Certificates, the second most common postsecondary award in the U.S., provide an on-ramp to college education and middle-class jobs for low-income, minority and immigrant Americans who are often the first in their families to attend college. In the context of concerns about rising college costs and student loan debt, certificates, which are cheaper and take less time to complete than college degrees, have become of increasing interest to researchers, institutions and other stakeholders in higher education.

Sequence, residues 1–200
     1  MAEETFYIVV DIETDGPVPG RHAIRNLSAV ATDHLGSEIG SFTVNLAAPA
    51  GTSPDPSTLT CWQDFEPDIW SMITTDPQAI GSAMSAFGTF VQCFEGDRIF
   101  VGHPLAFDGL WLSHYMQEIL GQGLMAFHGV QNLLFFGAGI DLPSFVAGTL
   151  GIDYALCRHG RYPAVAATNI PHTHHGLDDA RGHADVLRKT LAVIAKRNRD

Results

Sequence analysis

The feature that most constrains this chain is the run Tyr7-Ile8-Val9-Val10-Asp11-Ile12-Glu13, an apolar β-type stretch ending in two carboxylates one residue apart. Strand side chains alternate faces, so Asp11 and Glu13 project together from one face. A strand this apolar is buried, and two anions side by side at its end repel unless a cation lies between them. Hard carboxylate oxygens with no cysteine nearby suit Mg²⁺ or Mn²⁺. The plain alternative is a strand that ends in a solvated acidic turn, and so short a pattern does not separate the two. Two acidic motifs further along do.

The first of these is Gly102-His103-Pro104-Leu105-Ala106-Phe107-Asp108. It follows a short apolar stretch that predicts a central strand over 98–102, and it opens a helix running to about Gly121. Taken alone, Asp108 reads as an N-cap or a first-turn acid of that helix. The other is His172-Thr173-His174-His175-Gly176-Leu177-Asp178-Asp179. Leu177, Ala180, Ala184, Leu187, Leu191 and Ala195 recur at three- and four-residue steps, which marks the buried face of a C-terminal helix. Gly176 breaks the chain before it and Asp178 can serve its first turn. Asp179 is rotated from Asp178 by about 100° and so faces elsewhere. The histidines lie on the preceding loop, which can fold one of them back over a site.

This report by the Georgetown Center on Education and the Workforce (CEW) analyzes earnings by field of study, sex, race/ethnicity and program length, and finds that one of the most important factors that affects earnings is whether certificate holders work in the same occupational field they studied in. The report also analyzes the institutions that most commonly award certificates — such as community colleges and for-profit institutions — and the states where certificates are most prevalent and provide the highest earnings returns. This resource provides helpful data for policymakers seeking to learn more about postsecondary certificates.